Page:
Two Canadians trucking frozen raspberries into the United States in barrels
packed with marijuana are now the ones in a jam.

The pair, Lakvinder "Lucky" Singh Dhillon, 25, and Glen Smith, 47, were
arrested by U.S. Immmigration and Customs Enforcement agents after the
truck they were in was searched early last week.

U.S. agents allege the marijuana was in 83 barrels of fruit.

According to the border agents, 1,900 pounds of pot was found that would
have an estimated value of more than $5 million.

The two men made a brief court appearance on Thursday. If found guilty,
they could face up to 40 years in prison.

The marijuana produced today is not only potent but smells, and the way it
is smuggled across borders is something that never ceases to amaze drug cops.

The frozen-raspberry ruse was something new to veteran U.S. customs officer
Roy Hoffman.

"This is the first case I've seen where smugglers used frozen raspberries
as a cover for drug trafficking, but it demonstrates the lengths to which
people will go in this illicit trade to try [to] elude detection," said
Hoffman.

Other recent pot busts have also tested the imagination of border guards.

In July, Duane Christopher Bradley, a resident of the Lower Mainland, was
sentenced in a Seattle court to 30 months in jail for smuggling marijuana
across the U.S. border concealed in the bottom of a cage that contained two
overweight black bears.

At his trial, Bradley said he had made the trip a number of times, using
cougars and tigers in his job hauling animals for the movie industry.

In Canada, customs spokeswoman Paula Shore said: "There's been a colourful
collection" of ways people are caught smuggling drugs. But, she said,
customs officials don't like to talk about the ways the dope gets smuggled.

"We don't want to give people [who] are smuggling any information," she said.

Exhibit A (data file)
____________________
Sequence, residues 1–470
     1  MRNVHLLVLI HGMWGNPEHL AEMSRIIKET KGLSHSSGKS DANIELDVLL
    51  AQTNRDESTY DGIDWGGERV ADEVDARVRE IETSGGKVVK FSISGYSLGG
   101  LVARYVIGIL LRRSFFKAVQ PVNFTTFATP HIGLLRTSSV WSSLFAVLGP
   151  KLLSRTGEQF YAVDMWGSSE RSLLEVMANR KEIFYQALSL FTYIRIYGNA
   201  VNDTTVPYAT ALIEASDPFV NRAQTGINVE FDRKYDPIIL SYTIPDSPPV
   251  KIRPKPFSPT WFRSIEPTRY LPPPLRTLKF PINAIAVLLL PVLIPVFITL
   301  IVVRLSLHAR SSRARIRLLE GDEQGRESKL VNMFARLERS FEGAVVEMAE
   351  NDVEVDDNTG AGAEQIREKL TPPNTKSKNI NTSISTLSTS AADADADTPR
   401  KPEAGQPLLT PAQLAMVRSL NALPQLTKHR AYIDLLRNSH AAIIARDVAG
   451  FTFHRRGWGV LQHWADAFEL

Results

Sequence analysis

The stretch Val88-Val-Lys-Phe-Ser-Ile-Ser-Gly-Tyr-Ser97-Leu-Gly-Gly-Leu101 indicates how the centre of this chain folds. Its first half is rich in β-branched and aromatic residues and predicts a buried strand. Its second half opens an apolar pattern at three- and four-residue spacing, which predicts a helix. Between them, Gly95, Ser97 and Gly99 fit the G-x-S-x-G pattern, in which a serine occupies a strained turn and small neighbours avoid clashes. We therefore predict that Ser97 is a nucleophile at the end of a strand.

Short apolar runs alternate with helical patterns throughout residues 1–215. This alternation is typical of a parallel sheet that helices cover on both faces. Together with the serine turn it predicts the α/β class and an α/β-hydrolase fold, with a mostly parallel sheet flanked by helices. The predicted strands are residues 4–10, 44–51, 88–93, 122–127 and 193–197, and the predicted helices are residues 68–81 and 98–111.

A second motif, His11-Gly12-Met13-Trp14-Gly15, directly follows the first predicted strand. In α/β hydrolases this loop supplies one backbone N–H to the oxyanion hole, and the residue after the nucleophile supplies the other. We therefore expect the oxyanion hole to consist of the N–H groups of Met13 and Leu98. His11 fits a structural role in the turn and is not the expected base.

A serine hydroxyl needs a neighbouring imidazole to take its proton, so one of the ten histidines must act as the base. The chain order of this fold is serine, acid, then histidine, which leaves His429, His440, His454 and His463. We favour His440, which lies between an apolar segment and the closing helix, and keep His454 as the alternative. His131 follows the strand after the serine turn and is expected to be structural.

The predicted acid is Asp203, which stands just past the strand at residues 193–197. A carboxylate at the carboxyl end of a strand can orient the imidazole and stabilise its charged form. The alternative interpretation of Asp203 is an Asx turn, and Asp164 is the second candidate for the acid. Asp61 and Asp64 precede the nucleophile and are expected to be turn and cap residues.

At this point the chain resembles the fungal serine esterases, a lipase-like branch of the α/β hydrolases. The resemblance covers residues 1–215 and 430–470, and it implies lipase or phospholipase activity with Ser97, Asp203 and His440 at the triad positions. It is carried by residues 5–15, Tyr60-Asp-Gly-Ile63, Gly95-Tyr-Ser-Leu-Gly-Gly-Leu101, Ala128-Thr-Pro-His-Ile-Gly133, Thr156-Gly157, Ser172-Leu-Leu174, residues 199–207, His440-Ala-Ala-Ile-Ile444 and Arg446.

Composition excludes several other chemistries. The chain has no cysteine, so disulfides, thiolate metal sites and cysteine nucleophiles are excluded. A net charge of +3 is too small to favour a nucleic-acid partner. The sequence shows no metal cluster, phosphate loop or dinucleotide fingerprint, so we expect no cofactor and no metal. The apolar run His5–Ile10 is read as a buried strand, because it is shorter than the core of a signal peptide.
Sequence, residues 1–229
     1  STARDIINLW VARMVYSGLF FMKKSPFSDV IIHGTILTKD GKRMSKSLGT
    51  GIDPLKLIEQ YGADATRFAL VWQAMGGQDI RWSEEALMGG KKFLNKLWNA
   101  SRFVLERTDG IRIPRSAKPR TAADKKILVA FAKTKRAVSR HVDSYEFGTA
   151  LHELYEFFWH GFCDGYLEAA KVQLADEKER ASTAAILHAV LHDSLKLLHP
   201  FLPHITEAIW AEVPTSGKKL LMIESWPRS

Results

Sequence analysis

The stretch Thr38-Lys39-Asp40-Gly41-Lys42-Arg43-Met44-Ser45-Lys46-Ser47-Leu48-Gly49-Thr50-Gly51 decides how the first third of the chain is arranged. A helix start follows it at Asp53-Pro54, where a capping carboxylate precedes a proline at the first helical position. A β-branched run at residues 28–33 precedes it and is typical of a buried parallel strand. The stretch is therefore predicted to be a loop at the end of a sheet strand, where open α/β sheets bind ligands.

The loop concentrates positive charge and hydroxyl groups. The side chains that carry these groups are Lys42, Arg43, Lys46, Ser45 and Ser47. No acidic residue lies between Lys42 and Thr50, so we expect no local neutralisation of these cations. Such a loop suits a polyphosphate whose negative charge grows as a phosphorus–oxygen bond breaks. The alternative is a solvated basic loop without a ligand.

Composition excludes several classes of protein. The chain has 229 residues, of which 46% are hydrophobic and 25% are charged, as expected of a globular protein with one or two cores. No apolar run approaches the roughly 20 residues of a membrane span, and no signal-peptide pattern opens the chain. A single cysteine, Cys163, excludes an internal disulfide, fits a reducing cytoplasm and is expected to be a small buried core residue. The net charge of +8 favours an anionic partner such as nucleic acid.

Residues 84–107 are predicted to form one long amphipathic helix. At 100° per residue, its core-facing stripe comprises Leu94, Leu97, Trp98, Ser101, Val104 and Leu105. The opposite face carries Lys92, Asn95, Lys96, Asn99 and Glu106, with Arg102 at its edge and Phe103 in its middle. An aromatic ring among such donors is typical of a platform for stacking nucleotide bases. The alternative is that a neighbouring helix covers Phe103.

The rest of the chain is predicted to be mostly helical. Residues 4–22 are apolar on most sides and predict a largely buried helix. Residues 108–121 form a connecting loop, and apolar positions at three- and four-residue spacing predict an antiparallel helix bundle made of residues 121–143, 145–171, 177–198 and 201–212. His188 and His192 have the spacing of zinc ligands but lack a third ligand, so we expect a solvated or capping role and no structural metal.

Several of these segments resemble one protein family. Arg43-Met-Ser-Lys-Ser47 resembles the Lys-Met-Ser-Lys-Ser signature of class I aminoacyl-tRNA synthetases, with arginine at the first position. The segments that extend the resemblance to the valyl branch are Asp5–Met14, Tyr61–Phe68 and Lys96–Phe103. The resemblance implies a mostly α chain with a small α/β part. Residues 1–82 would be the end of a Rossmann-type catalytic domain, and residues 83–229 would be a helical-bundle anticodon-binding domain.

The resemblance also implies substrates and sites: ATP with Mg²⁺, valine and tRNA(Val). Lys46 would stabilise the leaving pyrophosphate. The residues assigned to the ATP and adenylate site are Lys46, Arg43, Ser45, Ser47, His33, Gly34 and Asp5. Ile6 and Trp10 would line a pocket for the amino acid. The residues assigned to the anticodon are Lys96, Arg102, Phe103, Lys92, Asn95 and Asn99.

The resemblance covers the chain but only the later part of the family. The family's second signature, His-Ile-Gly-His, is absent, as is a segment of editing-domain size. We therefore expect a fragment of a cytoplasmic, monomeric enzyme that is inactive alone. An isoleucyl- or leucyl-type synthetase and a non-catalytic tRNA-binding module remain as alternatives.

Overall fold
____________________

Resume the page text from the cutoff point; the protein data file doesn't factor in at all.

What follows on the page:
Some of the illegal drugs are moved through the air and some by water.

Last summer a $130-million Canadian pot ring was busted by U.S authorities.
The smugglers were moving the marijuana by air, two large fishing boats and
a semi-trailer.

In May, a Port Moody man was arrested but not charged when 290 kilograms of
pot was found concealed in cardboard boxes in a truck carrying waste paper.

According to Shore, Canada Customs officers use a high-tech device called
an Ionscan to help stop the flow of illegal drugs into Canada.

With this device, officers can conduct fast, effective inspections of
high-risk travellers and commercial shipments. This, in turn, allows for
faster processing of legitimate travellers and goods.

An Ionscan is an ion mobility spectrometer. The scientific community uses
spectrometers to analyze the chemical compounds of various substances.

The Ionscan is portable and designed for use by customs officers who do not
have technical or scientific backgrounds.

Using this device, customs officers can quickly and accurately detect
microscopic traces of drugs on luggage, packages, documents, vehicles,
clothes, or any other surface.

If someone is using or smuggling drugs, there is a high probability that
trace amounts of the drug will be present on the person or on items that he
or she has been in contact with.


Pubdate: Sun, 21 Sep 2003
Source: Province, The (CN BC)
Webpage: http://www.mapinc.org/cancom/828f9e84-b8cb-4858-8cdc-d0759b29930a
Copyright: 2003 The Province
Contact: provletters@png.canwest.com
Website: http://www.canada.com/vancouver/theprovince/